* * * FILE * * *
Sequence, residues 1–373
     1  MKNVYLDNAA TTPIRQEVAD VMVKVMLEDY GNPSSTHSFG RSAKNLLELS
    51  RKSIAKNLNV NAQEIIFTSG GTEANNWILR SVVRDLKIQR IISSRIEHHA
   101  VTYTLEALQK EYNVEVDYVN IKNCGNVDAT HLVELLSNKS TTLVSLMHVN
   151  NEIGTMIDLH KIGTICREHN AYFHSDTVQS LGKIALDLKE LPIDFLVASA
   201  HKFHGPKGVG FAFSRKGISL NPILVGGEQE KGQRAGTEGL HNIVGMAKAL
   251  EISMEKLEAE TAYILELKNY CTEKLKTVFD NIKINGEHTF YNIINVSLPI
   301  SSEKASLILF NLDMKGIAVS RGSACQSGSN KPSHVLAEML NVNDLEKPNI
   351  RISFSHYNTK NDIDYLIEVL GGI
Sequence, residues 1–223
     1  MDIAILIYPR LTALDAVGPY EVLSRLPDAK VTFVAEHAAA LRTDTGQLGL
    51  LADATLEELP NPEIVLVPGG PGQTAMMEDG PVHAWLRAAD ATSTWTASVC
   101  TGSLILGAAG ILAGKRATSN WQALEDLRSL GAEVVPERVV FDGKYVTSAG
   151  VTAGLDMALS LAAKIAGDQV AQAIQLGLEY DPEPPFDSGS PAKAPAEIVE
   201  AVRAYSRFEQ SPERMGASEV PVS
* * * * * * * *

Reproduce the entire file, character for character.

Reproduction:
Sequence, residues 1–373
     1  MKNVYLDNAA TTPIRQEVAD VMVKVMLEDY GNPSSTHSFG RSAKNLLELS
    51  RKSIAKNLNV NAQEIIFTSG GTEANNWILR SVVRDLKIQR IISSRIEHHA
   101  VTYTLEALQK EYNVEVDYVN IKNCGNVDAT HLVELLSNKS TTLVSLMHVN
   151  NEIGTMIDLH KIGTICREHN AYFHSDTVQS LGKIALDLKE LPIDFLVASA
   201  HKFHGPKGVG FAFSRKGISL NPILVGGEQE KGQRAGTEGL HNIVGMAKAL
   251  EISMEKLEAE TAYILELKNY CTEKLKTVFD NIKINGEHTF YNIINVSLPI
   301  SSEKASLILF NLDMKGIAVS RGSACQSGSN KPSHVLAEML NVNDLEKPNI
   351  RISFSHYNTK NDIDYLIEVL GGI
Sequence, residues 1–223
     1  MDIAILIYPR LTALDAVGPY EVLSRLPDAK VTFVAEHAAA LRTDTGQLGL
    51  LADATLEELP NPEIVLVPGG PGQTAMMEDG PVHAWLRAAD ATSTWTASVC
   101  TGSLILGAAG ILAGKRATSN WQALEDLRSL GAEVVPERVV FDGKYVTSAG
   151  VTAGLDMALS LAAKIAGDQV AQAIQLGLEY DPEPPFDSGS PAKAPAEIVE
   201  AVRAYSRFEQ SPERMGASEV PVS